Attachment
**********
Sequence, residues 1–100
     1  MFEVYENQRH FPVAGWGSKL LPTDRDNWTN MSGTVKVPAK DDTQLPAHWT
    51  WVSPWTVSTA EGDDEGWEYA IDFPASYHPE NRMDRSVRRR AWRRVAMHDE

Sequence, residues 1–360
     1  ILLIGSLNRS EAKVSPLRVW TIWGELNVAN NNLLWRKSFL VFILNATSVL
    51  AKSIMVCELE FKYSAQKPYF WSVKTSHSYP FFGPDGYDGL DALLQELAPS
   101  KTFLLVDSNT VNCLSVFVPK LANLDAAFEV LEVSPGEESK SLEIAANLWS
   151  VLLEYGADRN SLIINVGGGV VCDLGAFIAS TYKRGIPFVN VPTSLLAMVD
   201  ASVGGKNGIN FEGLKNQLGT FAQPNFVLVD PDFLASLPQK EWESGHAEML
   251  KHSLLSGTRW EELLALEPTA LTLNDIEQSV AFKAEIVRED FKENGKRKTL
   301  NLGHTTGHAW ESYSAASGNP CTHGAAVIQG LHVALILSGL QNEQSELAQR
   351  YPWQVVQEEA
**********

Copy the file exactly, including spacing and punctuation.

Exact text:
Sequence, residues 1–100
     1  MFEVYENQRH FPVAGWGSKL LPTDRDNWTN MSGTVKVPAK DDTQLPAHWT
    51  WVSPWTVSTA EGDDEGWEYA IDFPASYHPE NRMDRSVRRR AWRRVAMHDE

Sequence, residues 1–360
     1  ILLIGSLNRS EAKVSPLRVW TIWGELNVAN NNLLWRKSFL VFILNATSVL
    51  AKSIMVCELE FKYSAQKPYF WSVKTSHSYP FFGPDGYDGL DALLQELAPS
   101  KTFLLVDSNT VNCLSVFVPK LANLDAAFEV LEVSPGEESK SLEIAANLWS
   151  VLLEYGADRN SLIINVGGGV VCDLGAFIAS TYKRGIPFVN VPTSLLAMVD
   201  ASVGGKNGIN FEGLKNQLGT FAQPNFVLVD PDFLASLPQK EWESGHAEML
   251  KHSLLSGTRW EELLALEPTA LTLNDIEQSV AFKAEIVRED FKENGKRKTL
   301  NLGHTTGHAW ESYSAASGNP CTHGAAVIQG LHVALILSGL QNEQSELAQR
   351  YPWQVVQEEA